Jack in the bag

After several days of routine domestic tasks, including painting the outside windows using a ladder (I must be mad…!) we decided to have a day out, birdwatching. Starting at Holkham pines, we went in pursuit of Yellow-browed Warbler which had, so far, eluded us, despite there being hundreds of this extreme long-distant migrant in the country over the past week. Nothing on the walk down, nothing around Washington hide and nothing in the tit flock at Meals House… until that is Jane noticed a warbler fly into a nearby Sycamore tree – a couple of brief but distinctive calls and the bird was ‘in the bag’! We did see the bird a couple more times, as well as a late Willow Warbler, a flock of Common Crossbill and Siskin, before heading off to Titchwell. There was nothing particularly gripping on the board when we got there, so we set off for what turned out to be a really enjoyable afternoon’s general birding. The tally of ‘interesting’ species included Little Stint, Curlew Sandpiper, Spotted Redshank, Greenshank, Hobby and, just before we headed for home, a very obliging, if somewhat distant, Jack Snipe  – with Common Snipe for useful comparison, on the new scrape called Patsy’s Pool.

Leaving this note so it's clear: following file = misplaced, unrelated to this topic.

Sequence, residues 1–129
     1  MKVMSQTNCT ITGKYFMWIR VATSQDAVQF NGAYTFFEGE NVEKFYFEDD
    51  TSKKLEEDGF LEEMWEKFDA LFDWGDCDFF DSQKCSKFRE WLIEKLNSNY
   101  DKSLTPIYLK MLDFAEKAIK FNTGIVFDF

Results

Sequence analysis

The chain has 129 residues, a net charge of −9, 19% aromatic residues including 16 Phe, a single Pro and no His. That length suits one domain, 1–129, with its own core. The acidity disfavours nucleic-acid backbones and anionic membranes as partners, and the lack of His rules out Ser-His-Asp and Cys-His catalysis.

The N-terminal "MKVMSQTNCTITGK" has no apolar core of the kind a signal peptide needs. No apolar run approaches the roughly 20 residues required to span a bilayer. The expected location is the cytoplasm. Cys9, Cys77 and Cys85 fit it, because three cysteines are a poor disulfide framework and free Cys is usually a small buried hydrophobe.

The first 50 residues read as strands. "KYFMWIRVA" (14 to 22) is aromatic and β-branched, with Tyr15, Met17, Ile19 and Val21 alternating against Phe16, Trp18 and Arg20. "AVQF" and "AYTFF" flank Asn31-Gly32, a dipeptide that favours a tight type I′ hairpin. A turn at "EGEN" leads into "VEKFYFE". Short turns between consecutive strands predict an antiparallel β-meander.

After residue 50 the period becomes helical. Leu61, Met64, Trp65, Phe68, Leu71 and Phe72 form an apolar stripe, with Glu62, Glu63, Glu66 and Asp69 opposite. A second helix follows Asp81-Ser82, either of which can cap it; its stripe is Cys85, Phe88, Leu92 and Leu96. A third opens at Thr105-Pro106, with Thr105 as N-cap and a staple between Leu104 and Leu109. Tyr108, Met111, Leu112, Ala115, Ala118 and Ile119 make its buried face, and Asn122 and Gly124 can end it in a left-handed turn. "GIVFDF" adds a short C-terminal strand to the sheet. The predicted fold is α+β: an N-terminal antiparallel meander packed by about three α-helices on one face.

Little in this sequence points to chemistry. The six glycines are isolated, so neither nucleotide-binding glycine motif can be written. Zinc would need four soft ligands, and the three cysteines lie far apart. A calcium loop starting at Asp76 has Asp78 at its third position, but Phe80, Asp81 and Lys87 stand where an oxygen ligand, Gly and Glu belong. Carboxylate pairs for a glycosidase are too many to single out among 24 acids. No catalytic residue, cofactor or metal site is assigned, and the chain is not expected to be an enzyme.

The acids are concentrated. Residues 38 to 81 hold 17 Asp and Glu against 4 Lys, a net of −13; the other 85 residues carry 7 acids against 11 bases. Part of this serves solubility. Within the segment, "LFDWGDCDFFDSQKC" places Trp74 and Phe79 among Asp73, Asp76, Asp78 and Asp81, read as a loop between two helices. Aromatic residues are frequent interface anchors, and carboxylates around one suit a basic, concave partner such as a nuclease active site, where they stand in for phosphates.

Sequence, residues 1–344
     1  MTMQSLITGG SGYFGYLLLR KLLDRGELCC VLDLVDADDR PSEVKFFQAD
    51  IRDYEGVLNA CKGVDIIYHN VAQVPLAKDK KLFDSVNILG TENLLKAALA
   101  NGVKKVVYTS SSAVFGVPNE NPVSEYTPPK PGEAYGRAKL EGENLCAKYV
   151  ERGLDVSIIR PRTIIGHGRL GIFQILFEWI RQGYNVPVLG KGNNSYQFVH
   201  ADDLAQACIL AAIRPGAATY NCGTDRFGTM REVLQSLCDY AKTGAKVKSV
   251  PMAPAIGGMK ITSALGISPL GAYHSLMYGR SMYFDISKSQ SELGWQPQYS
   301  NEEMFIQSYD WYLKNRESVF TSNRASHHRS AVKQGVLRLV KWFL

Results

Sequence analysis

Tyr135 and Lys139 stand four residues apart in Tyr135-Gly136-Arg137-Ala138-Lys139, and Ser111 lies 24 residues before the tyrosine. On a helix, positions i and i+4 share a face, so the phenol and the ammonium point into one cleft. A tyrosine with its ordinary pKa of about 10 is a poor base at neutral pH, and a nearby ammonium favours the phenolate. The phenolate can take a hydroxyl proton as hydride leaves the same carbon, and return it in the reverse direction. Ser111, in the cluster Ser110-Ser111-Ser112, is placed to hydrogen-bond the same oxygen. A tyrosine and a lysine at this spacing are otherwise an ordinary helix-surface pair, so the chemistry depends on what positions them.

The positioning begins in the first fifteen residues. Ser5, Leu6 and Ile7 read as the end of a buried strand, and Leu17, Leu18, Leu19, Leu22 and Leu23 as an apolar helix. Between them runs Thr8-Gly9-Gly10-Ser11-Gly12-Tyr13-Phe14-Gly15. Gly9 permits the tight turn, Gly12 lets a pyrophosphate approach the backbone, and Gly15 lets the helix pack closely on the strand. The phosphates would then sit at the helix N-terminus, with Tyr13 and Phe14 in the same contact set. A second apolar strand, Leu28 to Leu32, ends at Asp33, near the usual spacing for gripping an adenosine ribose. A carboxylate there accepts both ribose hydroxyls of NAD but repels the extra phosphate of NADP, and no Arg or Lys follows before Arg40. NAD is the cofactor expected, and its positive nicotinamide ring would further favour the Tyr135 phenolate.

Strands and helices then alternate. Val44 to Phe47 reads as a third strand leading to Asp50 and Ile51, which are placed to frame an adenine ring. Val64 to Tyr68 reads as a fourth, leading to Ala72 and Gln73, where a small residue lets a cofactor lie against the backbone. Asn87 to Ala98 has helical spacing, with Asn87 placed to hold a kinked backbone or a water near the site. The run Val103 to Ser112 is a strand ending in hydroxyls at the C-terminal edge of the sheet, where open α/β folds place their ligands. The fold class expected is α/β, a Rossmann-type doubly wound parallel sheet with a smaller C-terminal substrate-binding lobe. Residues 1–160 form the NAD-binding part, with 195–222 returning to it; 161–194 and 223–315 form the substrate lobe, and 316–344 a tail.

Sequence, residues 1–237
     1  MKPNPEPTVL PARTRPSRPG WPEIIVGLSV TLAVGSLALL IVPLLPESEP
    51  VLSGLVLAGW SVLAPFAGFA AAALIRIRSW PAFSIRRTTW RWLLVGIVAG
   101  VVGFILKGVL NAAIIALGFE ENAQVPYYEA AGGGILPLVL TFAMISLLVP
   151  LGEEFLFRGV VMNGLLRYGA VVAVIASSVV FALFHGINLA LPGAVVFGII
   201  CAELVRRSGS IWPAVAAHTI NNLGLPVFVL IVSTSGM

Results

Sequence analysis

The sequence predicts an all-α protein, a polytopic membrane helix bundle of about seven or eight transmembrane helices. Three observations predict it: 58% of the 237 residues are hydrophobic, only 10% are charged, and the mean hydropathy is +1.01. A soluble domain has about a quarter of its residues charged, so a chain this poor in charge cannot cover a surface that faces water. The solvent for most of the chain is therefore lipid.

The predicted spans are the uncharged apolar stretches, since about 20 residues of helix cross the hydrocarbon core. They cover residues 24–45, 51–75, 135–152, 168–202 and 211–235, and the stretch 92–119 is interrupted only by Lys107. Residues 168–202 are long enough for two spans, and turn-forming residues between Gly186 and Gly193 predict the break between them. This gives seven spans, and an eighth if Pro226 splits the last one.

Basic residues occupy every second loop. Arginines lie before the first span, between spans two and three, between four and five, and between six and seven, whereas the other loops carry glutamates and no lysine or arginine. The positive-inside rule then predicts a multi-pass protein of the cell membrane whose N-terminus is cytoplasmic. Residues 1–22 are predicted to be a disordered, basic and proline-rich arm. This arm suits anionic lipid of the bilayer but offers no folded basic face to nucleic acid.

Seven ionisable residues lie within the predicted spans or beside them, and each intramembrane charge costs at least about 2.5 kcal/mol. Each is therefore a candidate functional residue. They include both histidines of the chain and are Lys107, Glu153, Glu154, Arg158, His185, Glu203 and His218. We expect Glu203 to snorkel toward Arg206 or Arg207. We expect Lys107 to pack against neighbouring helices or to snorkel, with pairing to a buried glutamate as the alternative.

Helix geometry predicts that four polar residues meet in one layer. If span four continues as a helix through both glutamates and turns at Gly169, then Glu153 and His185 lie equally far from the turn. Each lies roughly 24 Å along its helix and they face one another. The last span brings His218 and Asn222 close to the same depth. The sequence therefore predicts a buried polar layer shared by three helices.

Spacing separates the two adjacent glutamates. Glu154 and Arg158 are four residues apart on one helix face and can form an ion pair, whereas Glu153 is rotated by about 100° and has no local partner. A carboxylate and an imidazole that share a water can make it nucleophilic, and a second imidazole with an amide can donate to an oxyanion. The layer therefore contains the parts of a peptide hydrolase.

One of at least three, winter plumage, Spotted Redshank

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Greenshank

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Jack Snipe, back left against the vegetation, with Common Snipe, front right (behind the Teal), for comparison

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Jack Snipe is noticeably smaller/stockier than Common Snipe, with a short thick based bill and shorter legs, more of a dark chocolate colouration on the back with broad gold ‘braces’, streaking rather than barring on the breast and no pale central crown stripe. Jack Snipe also exhibit a ‘bobbing-like’ action, whilst feeding.

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This entry was posted in Birding.

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